An olive-oil-rich diet is not only a good alternative in the treatment of diabetes; it may also help to prevent or delay the onset of the disease. How it does so is by preventing insulin resistance and its possible pernicious implications by raising HDL-cholesterol, lowering triglycerides, and ensuring better blood sugar level control and lower blood pressure. It has been demonstrated that a diet that is rich in olive oil, low in saturated fats, moderately rich in carbohydrates and soluble fiber from fruit, vegetables, pulses, and grains is the most effective approach for diabetics. Besides lowering the "bad" low-density lipoproteins, this type of diet improves blood sugar control and enhances insulin sensitivity. These benefits have been documented in child and adult diabetes.
Olive Oil and Obesity
Olive oil is a nutrient of great biological value. Like all other fats and oils, it is high in calories (8.5 Kcal per gram), which could make one think that it would contribute to obesity. However, experience shows that there is less obesity amongst the Mediterranean population, who consume the most olive oil. It has been demonstrated that an olive-oil-rich diet leads to greater and longer-lasting weight loss than a low-fat diet. It is accepted better because it tastes good and it is a stimulus to eat vegetables.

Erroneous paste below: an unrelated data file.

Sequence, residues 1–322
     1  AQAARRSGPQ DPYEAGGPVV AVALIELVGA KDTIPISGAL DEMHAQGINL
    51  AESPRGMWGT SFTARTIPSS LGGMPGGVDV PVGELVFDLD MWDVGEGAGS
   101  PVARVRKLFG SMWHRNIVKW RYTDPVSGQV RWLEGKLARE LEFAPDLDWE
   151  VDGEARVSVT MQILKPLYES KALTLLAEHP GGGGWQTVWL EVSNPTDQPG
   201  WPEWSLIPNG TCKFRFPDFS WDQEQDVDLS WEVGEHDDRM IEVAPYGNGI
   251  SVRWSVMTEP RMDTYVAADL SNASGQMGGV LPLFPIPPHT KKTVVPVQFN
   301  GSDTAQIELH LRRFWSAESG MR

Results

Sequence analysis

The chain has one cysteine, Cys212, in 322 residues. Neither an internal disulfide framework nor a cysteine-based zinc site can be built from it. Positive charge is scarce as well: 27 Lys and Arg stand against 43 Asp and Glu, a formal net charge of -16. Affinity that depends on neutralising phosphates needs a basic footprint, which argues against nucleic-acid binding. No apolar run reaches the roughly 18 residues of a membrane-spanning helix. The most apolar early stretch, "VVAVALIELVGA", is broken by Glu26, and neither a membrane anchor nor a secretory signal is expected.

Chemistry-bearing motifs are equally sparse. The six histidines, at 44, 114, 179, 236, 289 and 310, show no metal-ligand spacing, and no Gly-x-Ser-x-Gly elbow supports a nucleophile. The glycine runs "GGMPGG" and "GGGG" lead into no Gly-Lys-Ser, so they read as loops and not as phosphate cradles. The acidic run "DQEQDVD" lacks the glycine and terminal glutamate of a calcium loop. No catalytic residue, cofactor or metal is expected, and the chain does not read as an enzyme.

Olive Oil and the Immune System
It has been documented that olive oil intake bolsters the immune system against external attacks from microorganisms, bacteria or viruses. It has been known for some time that mineral and vitamin deficiencies can have an adverse effect on the immune system. Recent research has concluded that the fatty acids in the make-up of olive oil are good allies in lowering important immunological parameters such as the proliferation of lymphocytes induced by specific mitogens of both B- and T-cells. These fatty acids have been reported to play an important part in various immune functions. They are involved in regulating inflammatory processes and they may be effective in the treatment of some autoimmune diseases and in the regulation of the immune system in general.
Olive Oil and Rheumatoid Arthritis